BLOG: (August 22-28) Psalms 102-150, “Thy word is a lamp unto my path, and a light unto my feet"
“Thy word is a lamp unto my path, and a light unto my feet” (Psalm 119:105). His word provides us with living water. He lights the way for us to see and gives us guidance along our way.
Light is meant to direct your attention to something else, not its source. For example, a flashlight directs your attention to wherever its beam of light shines, not the flashlight itself. The sun does the same thing. It doesn’t draw our attention, but rather invites our attention to whatever it is shining upon. Jesus said, “Ye are the light of the world” in His Sermon on the Mount; He continues, “Let your light so shine before men, that they may see your good works, and glorify your Father which is in heaven” (Matt 5:14;16). He’s directing us to be a light, but not to direct attention to ourselves, to direct attention to our Father in Heaven. We are to be lights to those around us, collecting and gathering their attention with our good works to point them in the direction of our Father. (Side note: I define good works as genuinely loving interactions with others, not just service opportunities.)
“But if we walk in the light, as He is the light, we have fellowship one with another” (1 John 1:7). We’re trying to gather Israel and establish Zion. To me, having fellowship with one another is zion. We’re living in harmony with the principles of the gospel with others that are striving to do likewise. We need to be building zion, and we can’t do that if we’re focused on our differences. If Jesus did that while He was on the earth, He wouldn’t have ministered to hardly anyone. One way we focus on our differences is through judging others. He’s called us to be a light to others so they can find the truths of the gospel and be led to Him, and it's really difficult to do that when we’re too busy judging them.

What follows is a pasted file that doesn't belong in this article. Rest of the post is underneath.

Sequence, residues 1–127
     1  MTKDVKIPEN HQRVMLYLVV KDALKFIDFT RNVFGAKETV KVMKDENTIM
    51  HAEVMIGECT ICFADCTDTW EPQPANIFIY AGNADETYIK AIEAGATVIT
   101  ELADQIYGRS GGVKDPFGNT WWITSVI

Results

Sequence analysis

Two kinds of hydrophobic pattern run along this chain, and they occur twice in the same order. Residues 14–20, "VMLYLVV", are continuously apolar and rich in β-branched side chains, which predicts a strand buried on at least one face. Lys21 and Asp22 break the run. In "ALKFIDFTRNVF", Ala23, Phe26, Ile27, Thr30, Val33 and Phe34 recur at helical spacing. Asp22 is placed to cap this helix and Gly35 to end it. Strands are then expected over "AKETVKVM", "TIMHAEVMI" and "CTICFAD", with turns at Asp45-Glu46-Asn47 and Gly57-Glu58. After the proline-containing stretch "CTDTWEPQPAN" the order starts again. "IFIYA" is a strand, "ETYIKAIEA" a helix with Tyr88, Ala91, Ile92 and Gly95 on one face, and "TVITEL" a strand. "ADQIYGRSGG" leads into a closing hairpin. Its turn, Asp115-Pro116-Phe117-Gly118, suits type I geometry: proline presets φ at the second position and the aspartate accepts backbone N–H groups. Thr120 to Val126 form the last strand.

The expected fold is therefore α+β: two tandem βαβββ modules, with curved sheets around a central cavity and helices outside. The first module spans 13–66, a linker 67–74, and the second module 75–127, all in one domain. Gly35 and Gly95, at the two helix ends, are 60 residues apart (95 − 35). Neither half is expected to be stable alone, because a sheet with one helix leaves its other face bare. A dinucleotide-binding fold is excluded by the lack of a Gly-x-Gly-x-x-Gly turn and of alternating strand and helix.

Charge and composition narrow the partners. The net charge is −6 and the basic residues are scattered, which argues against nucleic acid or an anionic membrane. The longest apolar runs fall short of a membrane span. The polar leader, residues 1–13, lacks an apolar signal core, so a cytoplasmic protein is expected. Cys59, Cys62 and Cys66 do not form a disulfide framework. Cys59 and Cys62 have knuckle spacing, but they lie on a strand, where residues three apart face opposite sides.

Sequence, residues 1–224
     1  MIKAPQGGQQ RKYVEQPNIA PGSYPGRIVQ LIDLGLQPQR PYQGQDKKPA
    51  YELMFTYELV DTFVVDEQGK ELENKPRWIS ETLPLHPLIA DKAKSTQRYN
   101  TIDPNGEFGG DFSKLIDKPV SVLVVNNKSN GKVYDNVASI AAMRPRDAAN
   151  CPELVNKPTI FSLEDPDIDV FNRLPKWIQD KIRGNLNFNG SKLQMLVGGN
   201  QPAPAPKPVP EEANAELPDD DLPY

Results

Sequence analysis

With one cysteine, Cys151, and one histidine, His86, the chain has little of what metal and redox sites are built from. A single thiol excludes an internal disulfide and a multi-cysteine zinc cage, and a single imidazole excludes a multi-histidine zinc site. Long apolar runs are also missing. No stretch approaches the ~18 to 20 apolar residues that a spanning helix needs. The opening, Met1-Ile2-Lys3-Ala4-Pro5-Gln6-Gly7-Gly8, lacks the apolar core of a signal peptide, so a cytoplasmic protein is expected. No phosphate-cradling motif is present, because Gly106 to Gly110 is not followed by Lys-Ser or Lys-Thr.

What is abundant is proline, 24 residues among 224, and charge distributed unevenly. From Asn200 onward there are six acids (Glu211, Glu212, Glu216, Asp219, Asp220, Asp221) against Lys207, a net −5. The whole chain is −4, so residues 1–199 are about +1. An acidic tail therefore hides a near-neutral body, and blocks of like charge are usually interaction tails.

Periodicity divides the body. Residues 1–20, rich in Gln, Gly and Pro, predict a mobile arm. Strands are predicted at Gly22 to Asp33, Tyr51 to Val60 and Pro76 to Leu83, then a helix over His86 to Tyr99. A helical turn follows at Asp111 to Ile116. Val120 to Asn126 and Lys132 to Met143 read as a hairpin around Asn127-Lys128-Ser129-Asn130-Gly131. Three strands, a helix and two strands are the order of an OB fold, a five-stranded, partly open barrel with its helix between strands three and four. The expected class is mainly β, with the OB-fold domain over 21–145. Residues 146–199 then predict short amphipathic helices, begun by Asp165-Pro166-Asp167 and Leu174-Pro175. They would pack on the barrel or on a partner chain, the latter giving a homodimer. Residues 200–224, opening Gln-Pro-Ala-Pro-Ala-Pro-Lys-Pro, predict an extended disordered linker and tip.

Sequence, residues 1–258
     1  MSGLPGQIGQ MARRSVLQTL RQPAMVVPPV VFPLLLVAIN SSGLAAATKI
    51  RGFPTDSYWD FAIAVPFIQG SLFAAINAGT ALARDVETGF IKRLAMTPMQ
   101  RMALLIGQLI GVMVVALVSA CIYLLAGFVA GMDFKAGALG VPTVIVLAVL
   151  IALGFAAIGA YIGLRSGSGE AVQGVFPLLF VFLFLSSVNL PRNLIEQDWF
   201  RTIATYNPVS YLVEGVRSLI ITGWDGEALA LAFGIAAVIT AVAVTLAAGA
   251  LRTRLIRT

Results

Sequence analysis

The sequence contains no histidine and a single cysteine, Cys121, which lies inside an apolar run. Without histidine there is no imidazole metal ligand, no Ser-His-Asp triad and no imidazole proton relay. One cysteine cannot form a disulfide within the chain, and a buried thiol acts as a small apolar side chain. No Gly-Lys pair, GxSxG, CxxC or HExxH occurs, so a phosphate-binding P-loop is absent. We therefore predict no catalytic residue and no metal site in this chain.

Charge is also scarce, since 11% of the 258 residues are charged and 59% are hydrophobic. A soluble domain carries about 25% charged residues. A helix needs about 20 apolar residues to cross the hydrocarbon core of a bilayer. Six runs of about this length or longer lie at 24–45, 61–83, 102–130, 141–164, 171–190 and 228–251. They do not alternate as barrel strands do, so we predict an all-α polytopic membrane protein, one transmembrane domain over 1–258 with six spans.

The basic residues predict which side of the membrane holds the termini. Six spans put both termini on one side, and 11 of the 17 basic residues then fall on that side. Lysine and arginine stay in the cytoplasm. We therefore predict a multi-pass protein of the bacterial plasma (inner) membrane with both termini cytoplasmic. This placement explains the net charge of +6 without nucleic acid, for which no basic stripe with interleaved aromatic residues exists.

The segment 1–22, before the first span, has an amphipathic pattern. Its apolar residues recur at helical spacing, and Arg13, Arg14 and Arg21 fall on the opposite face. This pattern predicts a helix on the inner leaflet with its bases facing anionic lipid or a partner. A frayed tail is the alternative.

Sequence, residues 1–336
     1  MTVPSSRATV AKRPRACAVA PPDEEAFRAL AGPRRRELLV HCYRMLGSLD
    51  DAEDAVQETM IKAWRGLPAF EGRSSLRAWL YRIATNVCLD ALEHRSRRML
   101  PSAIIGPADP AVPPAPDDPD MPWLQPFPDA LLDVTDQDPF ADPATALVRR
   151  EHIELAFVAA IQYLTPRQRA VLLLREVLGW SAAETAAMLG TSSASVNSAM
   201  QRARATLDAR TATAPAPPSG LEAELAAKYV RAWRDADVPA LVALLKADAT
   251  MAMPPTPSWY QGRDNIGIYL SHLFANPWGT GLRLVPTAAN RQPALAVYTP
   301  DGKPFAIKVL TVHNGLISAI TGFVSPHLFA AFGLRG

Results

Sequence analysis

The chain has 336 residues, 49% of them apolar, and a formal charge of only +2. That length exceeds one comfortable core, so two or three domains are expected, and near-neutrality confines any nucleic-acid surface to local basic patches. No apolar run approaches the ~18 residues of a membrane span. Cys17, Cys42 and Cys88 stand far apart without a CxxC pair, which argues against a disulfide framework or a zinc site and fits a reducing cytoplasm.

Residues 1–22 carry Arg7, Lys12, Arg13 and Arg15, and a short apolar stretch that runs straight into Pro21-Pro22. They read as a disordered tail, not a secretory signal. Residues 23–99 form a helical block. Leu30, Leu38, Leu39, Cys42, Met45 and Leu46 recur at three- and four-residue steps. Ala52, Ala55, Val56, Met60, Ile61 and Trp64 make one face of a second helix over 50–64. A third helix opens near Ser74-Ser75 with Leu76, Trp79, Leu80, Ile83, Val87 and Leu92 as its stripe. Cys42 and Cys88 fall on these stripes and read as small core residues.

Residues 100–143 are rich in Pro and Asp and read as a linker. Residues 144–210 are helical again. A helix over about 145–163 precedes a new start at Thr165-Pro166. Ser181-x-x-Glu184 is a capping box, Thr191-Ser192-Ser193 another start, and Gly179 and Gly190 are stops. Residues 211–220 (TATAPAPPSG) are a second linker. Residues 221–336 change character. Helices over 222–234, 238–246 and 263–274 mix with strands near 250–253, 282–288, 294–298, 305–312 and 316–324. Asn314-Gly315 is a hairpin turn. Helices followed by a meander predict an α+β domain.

We tend to judge each other, and often. Not only do we judge each other, but we want to know what others do wrong. That’s our natural man coming out. It’s why negative news stories sell. When we can judge others as “less than” we fall for Satan’s tricks that we are “better than” the other person. Our natural man likes to be better than others. It means to our natural man that we’re doing something right. Remember though, we’re not judged on Judgement Day on how we did compared to some other human, we’re judged for what we did on our own, where our heart was/is. Us being “better than” doesn’t mean we’re doing something right, even though Satan tries to convince us that’s what that means. It means we’re being prideful with that thought and we should perhaps spend time getting to know the other person. Abraham Lincoln said, “I don’t like that man; I must get to know him better.” It’s impossible to make an enemy or “otherize” someone you know and love.